# urgent! calculating concentration of compound with different cell amounts - (Apr/16/2012 )

Hi guys!

This might seem a stupid question, but just to be sure!

I want to test a couple of inhibitors in vitro to check expression of genes related with immune response in my cells. I know the IC50 value of these compounds from an assay with 2x10^5 cells/mL, and I have some data about previous titration of this inhibitors (using different concentrations of the inhibitors on 2x10^5 cells/mL to find what is good to inhibit my target enzymes). So, lets say that 1µM is a concentration that is good to inhibit my enzymes without finding cytotoxic effects on my cells.

Now, the thing is that I have to stimulate cells to check for immune response (with LPS, TNF) and see if my inhibitors have some effect. The protocol that I have for stimulation is for 1x10^6 cells/mL. If I would like to add my inhibitors directly to these cells on 1x10^6 cells/mL together with my stimuli, would it be valid to say:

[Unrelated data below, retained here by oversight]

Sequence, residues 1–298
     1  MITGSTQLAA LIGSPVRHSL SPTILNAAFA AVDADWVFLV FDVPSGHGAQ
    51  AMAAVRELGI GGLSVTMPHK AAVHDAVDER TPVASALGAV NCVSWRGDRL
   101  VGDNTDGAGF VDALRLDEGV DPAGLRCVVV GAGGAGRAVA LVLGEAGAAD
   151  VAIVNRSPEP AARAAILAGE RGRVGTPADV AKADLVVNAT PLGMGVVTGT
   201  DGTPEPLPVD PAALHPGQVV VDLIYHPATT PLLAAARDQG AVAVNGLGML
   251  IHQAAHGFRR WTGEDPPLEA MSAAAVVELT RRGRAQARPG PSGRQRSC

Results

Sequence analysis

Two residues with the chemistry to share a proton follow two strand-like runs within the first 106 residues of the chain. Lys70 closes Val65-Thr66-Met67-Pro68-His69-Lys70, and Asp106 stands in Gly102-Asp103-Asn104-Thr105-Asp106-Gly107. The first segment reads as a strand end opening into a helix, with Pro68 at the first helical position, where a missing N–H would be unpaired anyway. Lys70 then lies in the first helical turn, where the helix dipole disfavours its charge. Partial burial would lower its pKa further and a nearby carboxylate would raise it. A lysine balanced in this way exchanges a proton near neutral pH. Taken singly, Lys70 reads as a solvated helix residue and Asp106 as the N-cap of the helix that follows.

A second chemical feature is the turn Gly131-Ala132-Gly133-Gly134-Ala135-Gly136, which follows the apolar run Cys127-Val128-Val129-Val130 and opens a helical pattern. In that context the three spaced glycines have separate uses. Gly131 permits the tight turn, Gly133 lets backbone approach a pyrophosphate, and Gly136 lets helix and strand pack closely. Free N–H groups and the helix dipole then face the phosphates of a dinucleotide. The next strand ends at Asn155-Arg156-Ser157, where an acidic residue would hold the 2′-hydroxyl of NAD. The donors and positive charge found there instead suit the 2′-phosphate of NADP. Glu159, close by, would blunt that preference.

- 1µM of inhibitor for 2x10^5 cells/mL --> for 1x10^6 cells/mL (5x more cells), then 5µM of inhibitor?

Thanks a lot in advance!

1µM for 2x10^5 cells/ml

1µM for 2x10^5 cells/ml

II

II : 2x10^5

II X 1x10^6

V

? µM for 1x10^6 cells/ml

Use simple math: for 1x10^6 cells/ml it is 1µM divided by 2x10^5 and multiplied by 1x10^6 cells/ml, which gives you: 5 µM , or indeed as you allready noticed, its 5 times more cells.. so indeed multiply by 5.

pito on Mon Apr 16 09:13:10 2012 said:

1µM for 2x10^5 cells/ml

1µM for 2x10^5 cells/ml

II

II : 2x10^5

II X 1x10^6

V

? µM for 1x10^6 cells/ml

Thanks a lot! = )

Use simple math: for 1x10^6 cells/ml it is 1µM divided by 2x10^5 and multiplied by 1x10^6 cells/ml, which gives you: 5 µM , or indeed as you allready noticed, its 5 times more cells.. so indeed multiply by 5.

I would say that the amount of compound present in the solution at 1 uM/L is likely to be enough to work for any number of cells, so you shouldn't need to adjust it.